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Runners are a competitive breed.
Something deep inside drives us to set new personal records. Many of our listeners have asked me about how to improve their race times.
So without further ado, let’s talk about running faster!
The body has an uncanny ability to adapt to the demands you put on it. Train at the same pace day after day, week after week, year after year, and that’s the kind of running your body will adapt to.
But if you break out of that comfort zone with a little speed work now and then, the body will learn to deal with the new demands. The heart will get stronger, the cardiovascular system more efficient, the muscles better able to function at full force. That will translate into greater strength, faster times, and easier daily runs. And you’ll just plain feel better.
Here are some quick reminders before implementing speed work:
- Have a solid running base
- Find the right course and pay attention to the surface
- Warm up, stretch, and start slowly
- Focus on form
- Try to keep it fun
- Take a rest day
- Expect a little discomfort
With that said, let’s get down to the nuts and bolts of improving your speed.
Strategies to Help You Run Faster
- Try Interval Workouts
Find a track and warm up for 5 to 10 minutes. Then take a lap at your 5k pace (the pace you maintain if you were to run 3 miles). For example, if it takes you 24 minutes to run three miles then your 5k pace is 8 minutes. Next, take a lap at an easier pace. This is called the recovery lap. Then run at your 5k pace again. Repeat these intervals . . . you get the point.
- Do a Tempo Run Once a Week
The good thing about tempo runs is that they increase your anaerobic threashold. Your anaerobic threashold is the point at which your muscles tap into your fuel reserves thereby increasing your stamina. Start your run with 5 to 10 minutes of easy running, then continue with 15 to 20 minutes of running at a pace that feels “comfortably hard” or an effort of 8 on a scale of 1-10. Finish with a cool down run of 10 minutes.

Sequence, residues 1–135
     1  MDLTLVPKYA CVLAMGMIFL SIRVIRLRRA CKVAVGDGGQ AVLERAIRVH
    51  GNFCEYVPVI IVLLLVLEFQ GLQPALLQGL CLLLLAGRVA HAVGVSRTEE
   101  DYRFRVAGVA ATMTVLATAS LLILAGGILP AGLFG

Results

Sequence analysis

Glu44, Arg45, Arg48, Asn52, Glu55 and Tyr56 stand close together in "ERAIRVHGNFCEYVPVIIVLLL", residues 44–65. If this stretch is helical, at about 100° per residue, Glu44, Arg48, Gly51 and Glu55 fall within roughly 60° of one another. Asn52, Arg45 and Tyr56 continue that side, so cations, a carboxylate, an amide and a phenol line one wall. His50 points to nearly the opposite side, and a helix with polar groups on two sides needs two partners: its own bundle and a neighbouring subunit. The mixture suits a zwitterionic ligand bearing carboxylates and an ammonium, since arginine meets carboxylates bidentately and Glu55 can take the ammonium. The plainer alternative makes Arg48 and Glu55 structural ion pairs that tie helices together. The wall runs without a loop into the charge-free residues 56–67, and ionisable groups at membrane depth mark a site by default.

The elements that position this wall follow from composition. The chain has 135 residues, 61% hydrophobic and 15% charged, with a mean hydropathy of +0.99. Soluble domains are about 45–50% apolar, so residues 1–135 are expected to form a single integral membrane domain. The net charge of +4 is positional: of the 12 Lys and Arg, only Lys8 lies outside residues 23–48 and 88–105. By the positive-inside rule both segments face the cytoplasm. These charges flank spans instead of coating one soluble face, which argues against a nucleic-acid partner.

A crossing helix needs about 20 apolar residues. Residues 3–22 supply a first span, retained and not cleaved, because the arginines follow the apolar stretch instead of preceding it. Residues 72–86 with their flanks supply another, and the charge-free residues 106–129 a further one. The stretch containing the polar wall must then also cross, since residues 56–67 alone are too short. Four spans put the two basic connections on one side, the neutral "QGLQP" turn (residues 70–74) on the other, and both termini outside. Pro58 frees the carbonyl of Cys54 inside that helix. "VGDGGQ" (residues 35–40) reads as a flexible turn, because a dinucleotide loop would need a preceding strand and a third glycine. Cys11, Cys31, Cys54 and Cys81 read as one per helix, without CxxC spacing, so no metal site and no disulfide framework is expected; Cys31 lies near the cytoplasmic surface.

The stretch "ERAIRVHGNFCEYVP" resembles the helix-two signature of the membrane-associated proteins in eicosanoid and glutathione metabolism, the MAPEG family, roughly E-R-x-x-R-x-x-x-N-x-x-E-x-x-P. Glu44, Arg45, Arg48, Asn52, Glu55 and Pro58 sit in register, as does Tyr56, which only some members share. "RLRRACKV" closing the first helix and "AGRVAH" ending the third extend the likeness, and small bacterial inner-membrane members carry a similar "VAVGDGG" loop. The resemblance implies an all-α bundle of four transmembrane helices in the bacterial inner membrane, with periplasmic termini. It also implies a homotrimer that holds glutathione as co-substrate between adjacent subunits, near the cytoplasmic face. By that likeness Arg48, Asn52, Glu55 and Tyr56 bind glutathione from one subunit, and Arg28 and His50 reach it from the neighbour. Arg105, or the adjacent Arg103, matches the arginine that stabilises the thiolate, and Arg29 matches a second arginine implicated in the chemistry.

- Incorporate Hill Training
Hill training makes your glutes, hamstrings, calves, and quads all work harder which in turn will make you faster. Your upper body will also get stronger as you drive your arms and work harder to stay upright. Make sure you run hard up the hill but take it slower on the way down. 🙂
- Lose Weight
Yeah, I know this is easier said then done. But consider this . . . a one pound weight loss will make you 2 seconds per mile faster (10 pounds= 1 minute shaved off your 5k time). Plus you will look better in your running shorts! Here is my weight loss philosophy in a nutshell:
Run regularly, add some weight training to build muscle, focus on more quality foods, and challenge yourself. I could write a whole book on this subjuct. Maybe some day I will!
- Try the Fartlek!
Fartlek is Swedish for “speed play”. It is simply sprinting and jogging off and on during a run. Just pick a point and sprint to it. You may want to Fartlek between two telephone poles along your route or you can Fartlek to a song on your playlist. It is entirely up to you!
Try one of these strategies this week. Stick with it and I believe you will improve your time. Good Luck!
Also Mentioned in This Episode
The Yasso 800s a handy way to calculate your marathon finishing time before race day and implement some cool interval workouts.
So . . . what do you think?
Cool Podcast … I’d be interested to know more about the Yasoo 800 strategy.